The modular curve $X_0(15)$ has a canonical model over $\mathbf{Q}$, and it has genus $1$. As the cusp $\infty$ is rational, it is an elliptic curve. Roughly, my question is whether we can find all the rational points, and properties of the elliptic curves corresponding to the non-cuspidal ones, *after a reasonable computation*.

Let me elaborate: To find the rank, one could compute the unique newform of weight $2$ and level $\Gamma_0(15)$ using Sage (or by hand if one is keen) to find $$q - q^2 - q^3 - q^4 + q^5 + q^6 + 3q^8 + q^9 - q^{10} - 4q^{11} + \ldots$$

Now this information (maybe compute some more terms) can be used to approximate the value at $1$ of its $L$-function and observe it is non-zero. A result by Kolyvagin shows the rank is $0$. Moreover, we notice from inspection of the above Fourier coefficients that the order of the torsion group has to be a divisor of $8$. The cusps are $0,\infty, \frac{1}{3}$ and $\frac{1}{5}$, and hence they correspond to rational points on the canonical model as they all have different denominators.

In conclusion: To prove that the rational torsion is of order $8$, it would suffice to find a single rational elliptic curve with a rational subgroup of order $15$. It turns out there are four such curves, an they form an isogeny class of conductor $50$.

1) Could we somehow have expected that there are indeed $4$ non-cuspidal rational points? How could one have guessed that the corresponding curves have conductor $50$?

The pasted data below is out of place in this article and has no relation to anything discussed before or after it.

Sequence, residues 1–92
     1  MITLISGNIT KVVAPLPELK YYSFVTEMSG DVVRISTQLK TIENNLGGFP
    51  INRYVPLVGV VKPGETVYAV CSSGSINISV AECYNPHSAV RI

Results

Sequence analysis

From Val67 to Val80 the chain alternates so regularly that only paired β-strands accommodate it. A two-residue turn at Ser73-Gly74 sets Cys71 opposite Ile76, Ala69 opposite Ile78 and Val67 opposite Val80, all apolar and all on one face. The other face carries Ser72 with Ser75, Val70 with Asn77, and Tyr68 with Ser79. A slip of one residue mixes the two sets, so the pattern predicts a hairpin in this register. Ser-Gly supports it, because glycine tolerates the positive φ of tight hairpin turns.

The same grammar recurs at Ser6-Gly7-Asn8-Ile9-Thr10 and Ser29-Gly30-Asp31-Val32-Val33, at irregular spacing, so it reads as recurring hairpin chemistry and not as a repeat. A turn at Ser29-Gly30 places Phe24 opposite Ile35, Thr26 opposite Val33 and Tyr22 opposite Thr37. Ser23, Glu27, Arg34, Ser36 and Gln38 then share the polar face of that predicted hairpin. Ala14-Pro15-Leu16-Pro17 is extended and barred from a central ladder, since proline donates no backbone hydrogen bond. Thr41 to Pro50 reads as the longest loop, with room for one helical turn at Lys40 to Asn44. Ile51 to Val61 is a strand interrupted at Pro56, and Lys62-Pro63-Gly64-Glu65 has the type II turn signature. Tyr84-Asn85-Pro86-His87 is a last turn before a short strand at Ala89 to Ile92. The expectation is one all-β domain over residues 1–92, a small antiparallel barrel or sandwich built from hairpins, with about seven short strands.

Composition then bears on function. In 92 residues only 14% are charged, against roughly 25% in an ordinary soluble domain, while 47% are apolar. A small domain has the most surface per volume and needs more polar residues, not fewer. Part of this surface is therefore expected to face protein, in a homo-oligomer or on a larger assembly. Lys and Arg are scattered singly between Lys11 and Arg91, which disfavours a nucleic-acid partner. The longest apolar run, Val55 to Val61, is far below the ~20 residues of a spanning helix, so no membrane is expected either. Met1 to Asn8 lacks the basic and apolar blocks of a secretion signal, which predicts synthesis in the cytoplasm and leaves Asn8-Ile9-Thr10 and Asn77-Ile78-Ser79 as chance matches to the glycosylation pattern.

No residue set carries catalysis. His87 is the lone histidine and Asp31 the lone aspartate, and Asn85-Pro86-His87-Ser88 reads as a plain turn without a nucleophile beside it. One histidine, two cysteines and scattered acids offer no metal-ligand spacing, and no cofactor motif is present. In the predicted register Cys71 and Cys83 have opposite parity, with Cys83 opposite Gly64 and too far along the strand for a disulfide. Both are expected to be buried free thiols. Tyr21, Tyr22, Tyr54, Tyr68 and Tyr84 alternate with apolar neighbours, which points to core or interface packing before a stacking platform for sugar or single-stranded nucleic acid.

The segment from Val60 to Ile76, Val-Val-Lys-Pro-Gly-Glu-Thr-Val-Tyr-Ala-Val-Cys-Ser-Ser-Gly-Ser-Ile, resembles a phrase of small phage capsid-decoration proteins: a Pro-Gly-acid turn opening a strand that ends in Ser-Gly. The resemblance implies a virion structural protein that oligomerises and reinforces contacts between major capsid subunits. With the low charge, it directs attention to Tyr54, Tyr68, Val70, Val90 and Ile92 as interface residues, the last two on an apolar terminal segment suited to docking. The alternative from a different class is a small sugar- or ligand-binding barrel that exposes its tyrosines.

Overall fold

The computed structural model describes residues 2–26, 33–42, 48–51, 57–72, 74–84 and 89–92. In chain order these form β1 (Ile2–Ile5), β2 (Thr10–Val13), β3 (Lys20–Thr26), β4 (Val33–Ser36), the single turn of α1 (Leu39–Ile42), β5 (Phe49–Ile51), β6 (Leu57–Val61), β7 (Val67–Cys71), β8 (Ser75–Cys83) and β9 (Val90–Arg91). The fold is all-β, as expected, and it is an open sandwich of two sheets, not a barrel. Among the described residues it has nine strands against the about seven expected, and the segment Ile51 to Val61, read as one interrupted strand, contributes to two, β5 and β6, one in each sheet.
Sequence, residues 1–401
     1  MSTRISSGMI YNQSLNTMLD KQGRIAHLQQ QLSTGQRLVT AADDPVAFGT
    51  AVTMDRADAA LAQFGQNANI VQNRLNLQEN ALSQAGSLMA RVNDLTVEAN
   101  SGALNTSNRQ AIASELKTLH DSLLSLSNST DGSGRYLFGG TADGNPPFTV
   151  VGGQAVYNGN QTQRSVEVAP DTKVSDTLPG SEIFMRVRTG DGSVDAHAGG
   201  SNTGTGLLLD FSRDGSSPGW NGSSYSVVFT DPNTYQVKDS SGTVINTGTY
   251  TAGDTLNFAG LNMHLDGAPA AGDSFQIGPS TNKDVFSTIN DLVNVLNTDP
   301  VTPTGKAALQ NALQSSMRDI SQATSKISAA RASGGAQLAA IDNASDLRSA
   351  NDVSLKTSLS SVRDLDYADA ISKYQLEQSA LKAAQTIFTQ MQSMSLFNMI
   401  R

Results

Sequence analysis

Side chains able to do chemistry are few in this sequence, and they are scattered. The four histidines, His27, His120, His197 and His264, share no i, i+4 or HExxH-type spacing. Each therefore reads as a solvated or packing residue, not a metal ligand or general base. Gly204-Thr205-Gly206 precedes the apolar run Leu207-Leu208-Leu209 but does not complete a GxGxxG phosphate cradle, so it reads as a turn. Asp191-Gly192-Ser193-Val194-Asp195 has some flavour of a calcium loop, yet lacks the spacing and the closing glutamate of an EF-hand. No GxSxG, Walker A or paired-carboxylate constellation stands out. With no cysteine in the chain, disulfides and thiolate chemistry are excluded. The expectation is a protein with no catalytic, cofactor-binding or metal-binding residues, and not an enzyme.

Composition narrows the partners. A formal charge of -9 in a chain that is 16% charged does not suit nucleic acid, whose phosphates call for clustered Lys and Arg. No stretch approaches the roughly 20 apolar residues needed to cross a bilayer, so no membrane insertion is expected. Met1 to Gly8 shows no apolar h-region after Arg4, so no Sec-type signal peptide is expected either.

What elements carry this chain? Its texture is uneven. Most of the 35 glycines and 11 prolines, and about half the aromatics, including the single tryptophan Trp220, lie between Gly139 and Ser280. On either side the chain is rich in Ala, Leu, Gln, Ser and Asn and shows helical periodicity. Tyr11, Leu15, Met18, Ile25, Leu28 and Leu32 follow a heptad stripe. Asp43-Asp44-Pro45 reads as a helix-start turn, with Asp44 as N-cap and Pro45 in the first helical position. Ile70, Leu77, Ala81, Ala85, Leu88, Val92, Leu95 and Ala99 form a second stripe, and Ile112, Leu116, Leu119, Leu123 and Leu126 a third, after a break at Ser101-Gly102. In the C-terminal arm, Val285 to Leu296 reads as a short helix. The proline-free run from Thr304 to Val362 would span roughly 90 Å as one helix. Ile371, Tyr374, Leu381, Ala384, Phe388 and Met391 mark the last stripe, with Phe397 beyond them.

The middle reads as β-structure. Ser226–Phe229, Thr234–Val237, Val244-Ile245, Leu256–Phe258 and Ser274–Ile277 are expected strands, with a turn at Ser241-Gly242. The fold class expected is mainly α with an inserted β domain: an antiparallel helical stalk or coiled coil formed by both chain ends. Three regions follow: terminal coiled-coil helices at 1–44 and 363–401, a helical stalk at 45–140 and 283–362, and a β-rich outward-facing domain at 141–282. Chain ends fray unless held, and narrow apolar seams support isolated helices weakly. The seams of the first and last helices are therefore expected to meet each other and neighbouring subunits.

Note that these points are not Heegner as their associated curves are not CM, so you can't "cheat". Actually, in this particular case I am mainly concerned about the curves being semi-stable, so finding an actual model for them is quite a lot stronger.

2) Is there an argument that shows they are not semi-stable, without computing the Néron model? Could we have predicted some of their properties/invariants?

**Remark:** Note that I consider the computation of the $q$-expansions of a certain space of newforms to be 'reasonable', but not the computation of the canonical model followed by a $2$-descent (say).

**Remark:** This question originated as follows. In one of the arguments leading up to a proof of modularity of semi-stable elliptic curves over $\mathbb{Q}$, one argues that the canonical model $X_0(15)_{/\mathbf{Q}}$ has exactly $8$ rational points, and the non-cuspidal points are not semi-stable. This led me to wonder how much of this we could actually deduce without a large scale search, and how much of this could be anticipated without computing anything.

Modular Forms in One Variable=LNM476). The curve $X_0(15)$ can be computed via $q$-expansions or otherwise, and it happens to have a $2$-torsion point so a $2$-descent is easy and turns out to yield rank $0$. Finding the full torsion group is then routine, and $q$-expansions (or other methods) can be used to find the $j$-invariants etc. of the 15-isogenous curves parametrized by the non-cusp rational points. – Noam D. Elkies Jul 2 '13 at 16:41